Yeah it was done on set but not by himself, we had someone come by and do it – we tried a peach colour at first, but it looked too kind of designer-y. So we wanted a shittier bleach effect, but the problem was that we’d already dyed his hair black for the movie and permed it – his hair was falling out like crazy in lumps! And he was nervous about it because his hair was just like fucking falling out! He looked like a nuclear fallout victim. There was this moment, the first day of shooting with his dyed hair, when we were shooting with him, Buddy and Taliah and it was them leaving the house to go into the car and everyone was taking a picture, everyone with their 35mm cameras, it was that moment we knew we’d created something iconic.

Yeah – the costume design was perfect.

Yeah the costume department, Miyako Bellizzi and Mordechai Rubinstein, were incredible, but Mordechai had never worked on a movie before. He worked for Marc Jacobs and his job was to stand outside and just stare at people and take pictures and just report on every day fashion.

Are there any similarities between your relationship with your co-director and brother Benny and Connie and Nick’s on screen?

I guess that growing up our Dad would say “the only thing you have is each other” and that will remain the constant until the day we die, long after our folks pass. He would always use the phrase “you’re partners in crime” and we were. Y’know I remember one time where I got arrested and they didn’t arrest Benny and he was just there like what should I do, and I said, “call mum, tell her I was arrested and I’ll call her from the precinct” and he looked at the cop and was like “He didn’t do anything wrong!”. I think with Benny I see him as an extension of myself and likewise with him and me, like he has a kid and I see Cosmo almost like my own son. I can relate to Connie in the sense, that he’s this person who has been outcast from society and his brother is also an outcast as a disabled person, but he doesn’t want him to be labelled disabled because he sees that as accepting the societal label and he sees that as a reflection of his own insecurities.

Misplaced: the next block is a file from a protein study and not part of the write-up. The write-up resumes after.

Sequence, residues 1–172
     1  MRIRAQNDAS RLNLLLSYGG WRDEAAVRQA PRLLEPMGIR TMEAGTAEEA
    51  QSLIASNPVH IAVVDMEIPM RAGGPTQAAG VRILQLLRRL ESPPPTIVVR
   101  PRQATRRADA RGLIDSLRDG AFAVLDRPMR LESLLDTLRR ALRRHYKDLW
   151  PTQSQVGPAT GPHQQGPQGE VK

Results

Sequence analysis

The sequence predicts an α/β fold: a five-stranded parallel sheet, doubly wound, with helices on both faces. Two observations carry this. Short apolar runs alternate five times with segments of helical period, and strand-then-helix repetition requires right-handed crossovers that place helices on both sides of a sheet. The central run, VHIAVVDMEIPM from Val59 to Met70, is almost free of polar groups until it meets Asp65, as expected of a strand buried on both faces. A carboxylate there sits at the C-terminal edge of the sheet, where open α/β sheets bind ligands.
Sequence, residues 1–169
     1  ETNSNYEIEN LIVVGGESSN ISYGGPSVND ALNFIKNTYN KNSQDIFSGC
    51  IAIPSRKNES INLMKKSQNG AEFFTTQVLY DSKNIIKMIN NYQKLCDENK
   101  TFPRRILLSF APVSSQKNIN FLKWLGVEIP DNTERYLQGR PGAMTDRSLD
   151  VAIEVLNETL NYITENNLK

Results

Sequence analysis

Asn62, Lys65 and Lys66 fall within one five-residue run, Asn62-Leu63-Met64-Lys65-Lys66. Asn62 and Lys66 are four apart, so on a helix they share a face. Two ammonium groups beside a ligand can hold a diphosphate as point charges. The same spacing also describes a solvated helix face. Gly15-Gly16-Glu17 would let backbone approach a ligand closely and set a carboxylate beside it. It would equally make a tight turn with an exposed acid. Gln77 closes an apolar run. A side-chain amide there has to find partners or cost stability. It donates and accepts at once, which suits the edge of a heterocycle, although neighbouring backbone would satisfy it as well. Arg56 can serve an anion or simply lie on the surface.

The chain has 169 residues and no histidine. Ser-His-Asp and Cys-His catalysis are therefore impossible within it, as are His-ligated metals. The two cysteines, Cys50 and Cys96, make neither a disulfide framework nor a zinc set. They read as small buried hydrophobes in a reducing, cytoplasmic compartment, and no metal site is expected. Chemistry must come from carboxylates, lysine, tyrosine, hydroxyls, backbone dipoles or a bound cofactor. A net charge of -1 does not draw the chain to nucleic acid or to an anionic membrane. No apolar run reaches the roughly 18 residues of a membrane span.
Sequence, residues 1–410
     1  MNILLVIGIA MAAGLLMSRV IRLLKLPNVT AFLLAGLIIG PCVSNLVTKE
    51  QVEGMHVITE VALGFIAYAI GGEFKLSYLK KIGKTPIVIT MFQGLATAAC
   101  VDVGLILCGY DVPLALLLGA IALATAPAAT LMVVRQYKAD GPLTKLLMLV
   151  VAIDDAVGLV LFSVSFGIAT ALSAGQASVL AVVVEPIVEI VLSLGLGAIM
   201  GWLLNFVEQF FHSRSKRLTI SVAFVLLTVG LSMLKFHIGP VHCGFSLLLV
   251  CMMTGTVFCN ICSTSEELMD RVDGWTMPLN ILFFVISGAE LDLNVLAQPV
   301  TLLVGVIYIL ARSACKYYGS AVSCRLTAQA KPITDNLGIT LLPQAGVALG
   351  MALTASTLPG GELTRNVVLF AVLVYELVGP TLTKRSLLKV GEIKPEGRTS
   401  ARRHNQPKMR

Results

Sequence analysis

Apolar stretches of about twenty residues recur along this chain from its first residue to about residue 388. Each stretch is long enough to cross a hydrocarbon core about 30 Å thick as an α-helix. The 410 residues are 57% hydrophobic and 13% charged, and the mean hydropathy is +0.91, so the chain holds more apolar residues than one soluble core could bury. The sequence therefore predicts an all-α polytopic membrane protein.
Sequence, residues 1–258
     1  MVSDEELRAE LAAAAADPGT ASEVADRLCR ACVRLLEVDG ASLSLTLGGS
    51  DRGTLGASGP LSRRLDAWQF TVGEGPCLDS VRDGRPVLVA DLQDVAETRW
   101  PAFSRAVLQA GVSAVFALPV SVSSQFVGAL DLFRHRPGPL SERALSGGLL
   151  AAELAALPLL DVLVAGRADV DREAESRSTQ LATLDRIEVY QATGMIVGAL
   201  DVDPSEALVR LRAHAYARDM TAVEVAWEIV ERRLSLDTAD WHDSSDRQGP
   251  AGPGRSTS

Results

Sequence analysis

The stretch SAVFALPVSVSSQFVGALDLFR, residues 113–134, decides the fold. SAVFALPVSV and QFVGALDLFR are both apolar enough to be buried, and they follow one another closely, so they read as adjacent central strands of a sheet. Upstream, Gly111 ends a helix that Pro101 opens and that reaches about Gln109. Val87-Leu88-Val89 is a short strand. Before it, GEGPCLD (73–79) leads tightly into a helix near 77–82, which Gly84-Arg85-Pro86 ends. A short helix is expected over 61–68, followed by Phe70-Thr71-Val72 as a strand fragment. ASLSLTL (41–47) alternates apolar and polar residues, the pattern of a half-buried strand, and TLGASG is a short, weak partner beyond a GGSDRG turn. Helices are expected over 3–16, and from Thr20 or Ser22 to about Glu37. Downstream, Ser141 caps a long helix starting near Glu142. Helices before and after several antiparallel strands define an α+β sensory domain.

How do you two split the directorial responsibilities?

I find it hard to answer that question, I work with the camera a lot and benny works with the sound. Y’know I worked a lot more with rob behind the camera, but Benny was obviously involved more with in front of the camera as an actor himself. Y’know it’s kind of a vibe based thing, I write the film and Benny edits the film. I do a lot more research and then come back and use him as a bouncing board for my research.

With the final scene, obviously the credits roll over it, I was wondering is that a stylistic choice or is it designed so people don’t leave and acknowledge everyone involved in making the movie?

It’s more of a conceptual idea, when credits roll in a movie it’s telling you it’s over. So, it’s great if you can use that emotionally. If we put a scene that is the emotional peak of the movie – to not be precious about that moment and its emotional intensity – and to say it’s disposable and be like “you can leave if you want!” is incredible. It’s saying something about how America treats the disabled: you can either get up and leave or acknowledge the problem, it’s up to you. EJ

Good Time is in cinemas now

Words and interview by Tom Williams | Josh Safdie headshot by John Phillips